Property market and the pandemic: How PRS landlords can adapt

Elisabeth Kohlbach, co-founder of leading AI-driven property investment firm Skwire, outlines how landlords and investors in the PRS must adapt in the wake of COVID-19.

 

This year has been difficult for landlords and investors in the private rented sector (PRS). Lockdowns and uncertainty have stalled the market, widespread financial strain has put the reliability of rent revenues in doubt, while rapidly evolving tenant preferences have radically changed requirements around rental homes.

However, there is cause for optimism as the sector looks ahead to 2021. By adapting to new ways of working, landlords and investors can become more resilient against the challenges they have faced this year. Flexible and tech-savvy operators able to offer homes in locations and configurations that match newly changed tenant preferences will be best-placed to bounce back from the adverse effects of COVID-19 and will lead the way in the post-pandemic era.

Greater flexibility

Competition in an increasingly saturated market has heightened the need for landlords to differentiate their offerings from others. This includes catering to tenants’ demand for flexibility – or stability, as the case may be – by offering more customisable lease terms. Granting the option of different lease lengths, bundling packages and levels of customisability plays to the strength of renting over buying: a five-year term with license to redecorate and keep a dog allows tenants to put down roots, while a shorter ‘subscription’-style lease with utilities pre-arranged and furnished to taste could suit tenants with a project-based job or those looking to try out a new area.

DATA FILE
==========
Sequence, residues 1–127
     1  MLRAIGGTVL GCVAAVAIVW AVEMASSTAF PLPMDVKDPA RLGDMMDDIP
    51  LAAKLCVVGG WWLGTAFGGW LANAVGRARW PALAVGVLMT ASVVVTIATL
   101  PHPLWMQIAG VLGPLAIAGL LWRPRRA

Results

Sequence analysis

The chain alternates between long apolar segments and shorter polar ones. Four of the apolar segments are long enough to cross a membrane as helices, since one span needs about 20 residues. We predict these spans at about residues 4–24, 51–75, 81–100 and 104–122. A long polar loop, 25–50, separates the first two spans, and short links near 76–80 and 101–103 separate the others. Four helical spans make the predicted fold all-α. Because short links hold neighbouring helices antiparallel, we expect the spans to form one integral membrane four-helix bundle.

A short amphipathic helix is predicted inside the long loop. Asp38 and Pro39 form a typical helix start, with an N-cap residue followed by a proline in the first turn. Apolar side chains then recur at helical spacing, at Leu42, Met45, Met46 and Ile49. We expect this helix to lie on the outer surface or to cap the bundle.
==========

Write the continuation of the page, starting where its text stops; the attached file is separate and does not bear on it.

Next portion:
After all, tenants are not motivated by cheap rent alone. In fact, a recent survey found that more than a quarter of people rent because it suits their lifestyle. Furthermore, this figure increases to almost half of respondents aged 18 to 24, a group traditionally thought of as tenants by financial necessity.[1] Landlords must therefore ensure they offer the flexibility that ‘settling down’ does not, which is a key selling-point for increasing numbers of tenants.

With homeownership evidently a less urgent priority than in previous generations, landlords should capitalise on the opportunity to attract tenants by empowering them to make rental properties their own. Allowing decorating and pets, for example, are small steps that can make tenants feel at home.   This is often considered a contentious issue, with more than a fifth of tenants highlighting their inability to decorate as the worst thing about the renting experience.[2]

However, open communication between landlords and tenants can facilitate more flexible and mutually beneficial arrangements. And with 1 in 5 tenants happy to pay higher rates for the ability to make a home of their rental properties,[3] landlords who offer greater freedom of expression will be rewarded with higher and more stable yields.

Enhanced property management